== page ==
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Tax tips for direct sellers
Tax tips for direct sellers

Working as an independent consultant or direct seller has become immensely popular in recent years. The IRS categorizes direct sellers as one of the following:

  • An individual who sells consumer products at home or a place of business other than a permanent retail establishment
  • An individual who sells consumer products on a deposit or commission basis
  • An individual who delivers and/or distributes newspapers or shopping guides

Direct sellers have a few things in common. Their income is related to sales rather than to the number of hours worked. Services are provided between the seller and the person for whom the seller performs the services. The agreement ensures that sellers are not treated as employees for federal tax purposes.

Direct selling has been defined as the sale of a consumer product or service in a face-to-face manner away from a fixed retail outlet and these sales are conducted by self-employed independent contractors. Avon, Mary Kay, Amway, Tupperware, and Herbalife are amongst the best-known direct selling companies.

Source: DSA

Tax Tips

Direct sales have now emerged as a popular niche since many direct sellers are independent dealers and are considered self-employed. This means that their taxes are not automatically withheld from their earnings. If you’re a direct seller, keep these tips in mind when you file your taxes:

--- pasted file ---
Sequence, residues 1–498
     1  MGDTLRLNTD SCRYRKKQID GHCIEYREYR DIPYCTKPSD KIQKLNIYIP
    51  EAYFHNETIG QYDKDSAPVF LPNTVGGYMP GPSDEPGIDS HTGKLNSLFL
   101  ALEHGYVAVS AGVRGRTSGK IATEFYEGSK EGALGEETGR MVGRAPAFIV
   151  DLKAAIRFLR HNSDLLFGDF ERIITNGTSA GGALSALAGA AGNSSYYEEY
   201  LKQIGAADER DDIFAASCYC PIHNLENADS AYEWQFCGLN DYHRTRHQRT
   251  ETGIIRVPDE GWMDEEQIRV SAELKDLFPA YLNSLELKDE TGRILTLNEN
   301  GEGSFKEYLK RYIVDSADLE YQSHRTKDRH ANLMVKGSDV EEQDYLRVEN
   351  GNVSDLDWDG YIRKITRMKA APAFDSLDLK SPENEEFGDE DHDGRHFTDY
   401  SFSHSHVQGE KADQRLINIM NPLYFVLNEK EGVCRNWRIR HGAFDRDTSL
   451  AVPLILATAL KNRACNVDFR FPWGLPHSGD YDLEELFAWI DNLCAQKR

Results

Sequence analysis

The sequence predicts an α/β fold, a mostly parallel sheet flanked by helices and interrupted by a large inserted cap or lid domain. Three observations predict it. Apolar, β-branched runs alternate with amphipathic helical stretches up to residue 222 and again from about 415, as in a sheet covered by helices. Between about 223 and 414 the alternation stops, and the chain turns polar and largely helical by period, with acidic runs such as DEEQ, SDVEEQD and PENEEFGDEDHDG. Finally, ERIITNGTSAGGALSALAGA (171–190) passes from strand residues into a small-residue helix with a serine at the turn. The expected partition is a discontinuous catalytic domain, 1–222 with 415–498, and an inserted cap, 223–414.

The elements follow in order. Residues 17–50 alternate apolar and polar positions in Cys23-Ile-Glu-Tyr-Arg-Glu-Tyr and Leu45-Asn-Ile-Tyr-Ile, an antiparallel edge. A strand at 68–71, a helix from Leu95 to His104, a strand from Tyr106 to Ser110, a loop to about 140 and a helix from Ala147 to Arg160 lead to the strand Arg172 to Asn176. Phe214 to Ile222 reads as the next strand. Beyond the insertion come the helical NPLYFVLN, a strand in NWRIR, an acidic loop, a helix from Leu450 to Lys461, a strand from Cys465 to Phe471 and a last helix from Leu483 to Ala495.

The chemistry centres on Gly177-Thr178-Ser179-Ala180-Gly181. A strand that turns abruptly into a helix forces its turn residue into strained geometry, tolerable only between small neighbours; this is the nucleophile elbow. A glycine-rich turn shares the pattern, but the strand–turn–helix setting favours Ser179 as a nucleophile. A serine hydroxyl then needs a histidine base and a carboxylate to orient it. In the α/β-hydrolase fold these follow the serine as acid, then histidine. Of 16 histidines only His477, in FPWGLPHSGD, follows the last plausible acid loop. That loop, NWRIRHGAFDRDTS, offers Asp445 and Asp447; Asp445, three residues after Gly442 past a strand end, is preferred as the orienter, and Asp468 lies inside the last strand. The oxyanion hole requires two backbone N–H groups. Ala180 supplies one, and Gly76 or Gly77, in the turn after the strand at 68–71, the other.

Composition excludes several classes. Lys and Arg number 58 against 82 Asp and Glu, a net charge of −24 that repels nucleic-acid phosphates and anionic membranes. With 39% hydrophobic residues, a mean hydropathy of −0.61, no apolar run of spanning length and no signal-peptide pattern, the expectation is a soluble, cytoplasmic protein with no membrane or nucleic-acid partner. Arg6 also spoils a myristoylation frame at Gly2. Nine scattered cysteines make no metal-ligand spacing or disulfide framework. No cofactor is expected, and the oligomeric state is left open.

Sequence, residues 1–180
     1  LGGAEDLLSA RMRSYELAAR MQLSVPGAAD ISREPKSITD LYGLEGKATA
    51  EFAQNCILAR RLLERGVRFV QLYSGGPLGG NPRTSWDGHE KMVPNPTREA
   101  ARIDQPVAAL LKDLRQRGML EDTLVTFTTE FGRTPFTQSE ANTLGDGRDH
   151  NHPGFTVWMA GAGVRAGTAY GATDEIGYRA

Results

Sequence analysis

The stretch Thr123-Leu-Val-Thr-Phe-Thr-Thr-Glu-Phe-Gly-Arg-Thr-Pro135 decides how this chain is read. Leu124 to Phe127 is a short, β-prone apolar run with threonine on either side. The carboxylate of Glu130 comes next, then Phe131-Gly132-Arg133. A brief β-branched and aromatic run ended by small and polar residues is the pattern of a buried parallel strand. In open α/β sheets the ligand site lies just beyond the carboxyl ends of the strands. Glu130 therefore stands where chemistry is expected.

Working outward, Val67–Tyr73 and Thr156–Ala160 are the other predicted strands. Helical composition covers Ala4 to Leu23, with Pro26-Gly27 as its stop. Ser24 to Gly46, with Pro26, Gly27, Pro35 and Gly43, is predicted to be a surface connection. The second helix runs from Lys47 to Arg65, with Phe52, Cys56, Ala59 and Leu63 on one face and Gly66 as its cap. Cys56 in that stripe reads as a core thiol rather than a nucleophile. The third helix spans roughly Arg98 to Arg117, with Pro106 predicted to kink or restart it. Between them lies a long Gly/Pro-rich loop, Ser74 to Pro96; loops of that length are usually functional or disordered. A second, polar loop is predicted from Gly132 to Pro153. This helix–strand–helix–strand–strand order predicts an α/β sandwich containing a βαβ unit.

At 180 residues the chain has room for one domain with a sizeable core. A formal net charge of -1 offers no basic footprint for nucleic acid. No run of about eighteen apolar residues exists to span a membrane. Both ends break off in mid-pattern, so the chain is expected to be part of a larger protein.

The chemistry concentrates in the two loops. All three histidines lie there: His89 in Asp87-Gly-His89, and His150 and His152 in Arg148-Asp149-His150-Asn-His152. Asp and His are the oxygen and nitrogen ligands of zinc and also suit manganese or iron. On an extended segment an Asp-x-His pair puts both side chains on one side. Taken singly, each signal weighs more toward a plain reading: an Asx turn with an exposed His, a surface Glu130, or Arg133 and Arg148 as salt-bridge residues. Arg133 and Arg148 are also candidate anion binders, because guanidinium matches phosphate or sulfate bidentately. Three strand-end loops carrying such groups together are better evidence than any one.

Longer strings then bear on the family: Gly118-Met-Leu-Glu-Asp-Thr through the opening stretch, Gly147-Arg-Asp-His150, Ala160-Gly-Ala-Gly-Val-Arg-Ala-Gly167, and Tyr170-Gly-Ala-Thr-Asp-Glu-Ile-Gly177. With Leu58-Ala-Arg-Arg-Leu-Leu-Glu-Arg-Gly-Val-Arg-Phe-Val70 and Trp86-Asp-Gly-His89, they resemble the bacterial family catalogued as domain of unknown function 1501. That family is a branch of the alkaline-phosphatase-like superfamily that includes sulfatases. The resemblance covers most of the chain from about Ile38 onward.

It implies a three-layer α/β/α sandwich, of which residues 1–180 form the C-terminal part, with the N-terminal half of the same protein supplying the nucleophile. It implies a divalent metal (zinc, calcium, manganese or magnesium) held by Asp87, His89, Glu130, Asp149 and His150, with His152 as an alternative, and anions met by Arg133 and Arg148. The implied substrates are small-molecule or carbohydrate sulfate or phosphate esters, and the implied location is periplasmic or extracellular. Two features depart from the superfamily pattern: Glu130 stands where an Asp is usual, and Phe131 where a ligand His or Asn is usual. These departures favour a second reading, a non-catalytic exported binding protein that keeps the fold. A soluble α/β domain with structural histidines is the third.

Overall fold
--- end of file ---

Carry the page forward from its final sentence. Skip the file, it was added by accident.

Pay self-employment tax

As an independent consultant, if you earn more than $400 annually, the IRS expects you to pay your own tax. Self-employment income includes any net profit from the activity subject to the 15.3% self-employment tax, which functions similarly as Social Security and Medicare taxes employees would have withheld from their wages:

  • 12.4% for Social Security
  • 2.9% for Medicare

If you owe $1,000 or more in taxes when you file your tax return, then you should pay the estimated tax throughout the year. If you expect to owe less than $1,000 in taxes, you can pay it all at once when you file your annual tax return.

Report your business income

Direct sellers file for their taxes via Form 1040 Schedule C or C-EZ. The following represents the various forms of income a direct seller has to report:

  • Sales
  • Any incentives received for sales and the sales of others who work for the seller
  • Prizes, awards, and gifts received from the selling business
  • Products received for meeting sales quotas.

File your tax returns

Keep in mind that just because you file a tax return does not mean you’ll have to pay taxes. If your net business income (your revenue minus your expenses) is less than $400, you won’t owe any tax.

Know your deductions

Just like any other self-employed individual, direct sellers too can get their business expenses deducted. Business deductions are necessary to reduce your taxable income. Direct sellers can generally deduct ordinary and necessary business expenses, such as:

Advertising and marketing